Big Sky has finished its first-ever growth plan, which identifies projects residents would like the town to complete over the next decade.

Through surveys, interviews and meetings, residents indicated their top priorities are affordable housing, conservation, recreation and local governance. The 50-page plan, developed by the Logan Simpson consulting firm, came out this week and details projects that address each of these four areas.

To increase affordable housing, residents suggested several strategies including employer-assisted housing, a requirement that commercial developers include housing as part of their building plans and incentives for homeowners to convert short-term rental properties to long-term rentals.

Priorities for conservation include preserving open space, protecting the Gallatin River and addressing climate change.

Residents also expressed a desire for more indoor recreation opportunities. The Big Sky Community Organization has raised $19.9 million for a community center that will include a fitness area, classrooms, a music pavilion and an ice rink. The center is scheduled to open in summer 2021. In addition, residents would like an indoor pool and more space for public gatherings.

To improve recreation, residents want to expand parks and trails, maintain access to public lands and increase pedestrian and bicycle safety.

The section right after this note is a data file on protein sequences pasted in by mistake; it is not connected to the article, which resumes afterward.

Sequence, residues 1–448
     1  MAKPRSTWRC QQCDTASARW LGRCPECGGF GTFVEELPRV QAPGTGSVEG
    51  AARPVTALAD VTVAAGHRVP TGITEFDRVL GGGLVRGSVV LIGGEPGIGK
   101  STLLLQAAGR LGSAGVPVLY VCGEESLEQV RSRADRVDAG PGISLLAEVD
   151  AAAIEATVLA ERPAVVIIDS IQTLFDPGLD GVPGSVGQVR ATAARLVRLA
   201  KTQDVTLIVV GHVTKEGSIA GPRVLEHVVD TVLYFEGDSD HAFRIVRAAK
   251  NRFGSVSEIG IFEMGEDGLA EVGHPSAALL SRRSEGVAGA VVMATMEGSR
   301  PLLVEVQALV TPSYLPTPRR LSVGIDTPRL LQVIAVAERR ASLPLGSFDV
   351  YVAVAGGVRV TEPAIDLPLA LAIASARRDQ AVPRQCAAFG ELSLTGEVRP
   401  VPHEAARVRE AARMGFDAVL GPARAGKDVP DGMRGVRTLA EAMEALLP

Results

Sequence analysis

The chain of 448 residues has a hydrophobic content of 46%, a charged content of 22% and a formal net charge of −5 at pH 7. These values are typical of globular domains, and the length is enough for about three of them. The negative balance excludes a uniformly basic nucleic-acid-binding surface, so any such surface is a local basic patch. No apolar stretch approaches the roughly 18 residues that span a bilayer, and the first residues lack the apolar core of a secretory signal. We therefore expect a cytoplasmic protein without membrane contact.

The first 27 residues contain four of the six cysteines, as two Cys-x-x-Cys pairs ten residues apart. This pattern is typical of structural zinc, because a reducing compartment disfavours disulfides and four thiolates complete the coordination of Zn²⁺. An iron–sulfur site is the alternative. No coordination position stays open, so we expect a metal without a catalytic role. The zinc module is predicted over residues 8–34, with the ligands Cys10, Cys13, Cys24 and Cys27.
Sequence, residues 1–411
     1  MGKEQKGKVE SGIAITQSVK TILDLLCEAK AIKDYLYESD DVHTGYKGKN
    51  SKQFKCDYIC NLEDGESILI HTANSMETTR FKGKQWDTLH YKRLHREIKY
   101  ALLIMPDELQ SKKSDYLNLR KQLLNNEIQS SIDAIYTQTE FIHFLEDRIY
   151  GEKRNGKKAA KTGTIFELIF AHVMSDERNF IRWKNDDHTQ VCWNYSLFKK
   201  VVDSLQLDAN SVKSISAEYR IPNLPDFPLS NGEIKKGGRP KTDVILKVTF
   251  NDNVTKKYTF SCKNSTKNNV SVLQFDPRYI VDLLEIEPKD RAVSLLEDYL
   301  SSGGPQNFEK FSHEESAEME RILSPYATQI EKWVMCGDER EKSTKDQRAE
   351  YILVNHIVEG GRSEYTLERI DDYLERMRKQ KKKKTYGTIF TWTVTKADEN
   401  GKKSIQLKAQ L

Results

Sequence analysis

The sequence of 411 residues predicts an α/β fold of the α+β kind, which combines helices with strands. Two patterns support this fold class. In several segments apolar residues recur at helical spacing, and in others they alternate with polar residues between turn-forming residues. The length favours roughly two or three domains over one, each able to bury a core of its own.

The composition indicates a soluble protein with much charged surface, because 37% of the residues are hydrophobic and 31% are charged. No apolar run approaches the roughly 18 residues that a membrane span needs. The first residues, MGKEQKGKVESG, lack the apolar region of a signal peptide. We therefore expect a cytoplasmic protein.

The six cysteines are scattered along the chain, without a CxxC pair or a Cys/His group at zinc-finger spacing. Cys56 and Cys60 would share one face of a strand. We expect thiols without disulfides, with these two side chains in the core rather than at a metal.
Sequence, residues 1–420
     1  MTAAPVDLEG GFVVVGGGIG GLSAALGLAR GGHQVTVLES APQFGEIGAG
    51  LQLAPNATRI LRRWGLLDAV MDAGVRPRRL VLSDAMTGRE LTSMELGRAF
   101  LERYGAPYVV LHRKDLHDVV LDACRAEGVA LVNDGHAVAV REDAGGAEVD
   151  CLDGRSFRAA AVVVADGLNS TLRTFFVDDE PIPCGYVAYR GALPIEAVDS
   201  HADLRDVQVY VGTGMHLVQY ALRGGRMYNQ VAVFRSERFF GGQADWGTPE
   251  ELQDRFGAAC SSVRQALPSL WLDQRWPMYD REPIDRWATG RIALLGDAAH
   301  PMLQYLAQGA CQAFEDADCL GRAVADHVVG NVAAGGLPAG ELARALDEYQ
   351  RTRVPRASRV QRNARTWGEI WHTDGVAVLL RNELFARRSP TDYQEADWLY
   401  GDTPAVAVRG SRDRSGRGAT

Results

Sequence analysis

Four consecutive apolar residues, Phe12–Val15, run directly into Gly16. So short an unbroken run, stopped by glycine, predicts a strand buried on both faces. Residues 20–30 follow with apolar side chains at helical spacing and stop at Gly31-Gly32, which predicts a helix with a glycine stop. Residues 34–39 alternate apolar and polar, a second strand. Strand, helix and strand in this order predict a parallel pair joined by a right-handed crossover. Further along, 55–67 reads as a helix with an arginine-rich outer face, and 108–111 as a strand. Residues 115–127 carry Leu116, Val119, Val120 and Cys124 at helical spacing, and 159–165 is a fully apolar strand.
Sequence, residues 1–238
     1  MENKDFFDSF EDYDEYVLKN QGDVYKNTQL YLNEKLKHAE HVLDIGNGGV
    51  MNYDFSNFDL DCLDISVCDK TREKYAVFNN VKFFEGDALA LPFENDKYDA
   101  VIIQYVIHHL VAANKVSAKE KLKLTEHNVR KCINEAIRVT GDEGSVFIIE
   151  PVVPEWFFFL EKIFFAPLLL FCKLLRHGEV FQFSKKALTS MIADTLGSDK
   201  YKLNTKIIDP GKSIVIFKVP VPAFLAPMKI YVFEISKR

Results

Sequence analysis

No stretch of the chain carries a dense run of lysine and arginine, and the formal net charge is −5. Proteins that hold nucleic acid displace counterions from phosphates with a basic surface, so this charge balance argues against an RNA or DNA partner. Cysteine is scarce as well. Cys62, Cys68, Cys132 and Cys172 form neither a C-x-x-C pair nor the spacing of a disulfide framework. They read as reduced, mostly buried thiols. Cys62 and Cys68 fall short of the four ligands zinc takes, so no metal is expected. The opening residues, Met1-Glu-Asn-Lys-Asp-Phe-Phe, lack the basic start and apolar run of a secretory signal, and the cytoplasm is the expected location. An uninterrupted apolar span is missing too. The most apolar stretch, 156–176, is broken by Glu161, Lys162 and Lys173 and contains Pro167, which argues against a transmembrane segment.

Because Big Sky is unincorporated, residents said they often don’t know where to go for certain services, who to ask questions of and how to know what’s happening in the town. The plan suggests surveying residents about the possible forms local government could take, studying each option’s costs and benefits and creating a town-wide newsletter to keep people informed.

Other projects residents would like to see in the next 10 years include upgrading the water and sewer system, expanding public transportation, promoting local small businesses, investing in public spaces and developing an evacuation route through Ennis because the only way in and out of Big Sky is via U.S. 191.

Money for these initiatives is expected to come from a combination of property taxes, private donations, state and federal grants and the resort tax, which generates about $8 million annually.

The Big Sky Resort Tax Board, which distributes the revenue from the town’s 3% sales tax, will use the plan during its annual appropriations process to determine which projects and programs to fund, said Daniel Bierschwale, district manager for the resort tax.

Big Sky also hopes Madison and Gallatin counties, local tax districts, nonprofit organizations and businesses will incorporate the document into their long-term planning efforts.

A draft of the plan is available at ourbigskymt.com and will be discussed at a resort tax board meeting on Wednesday.

Perrin Stein can be reached at pstein@dailychronicle.com or at 582-2648.

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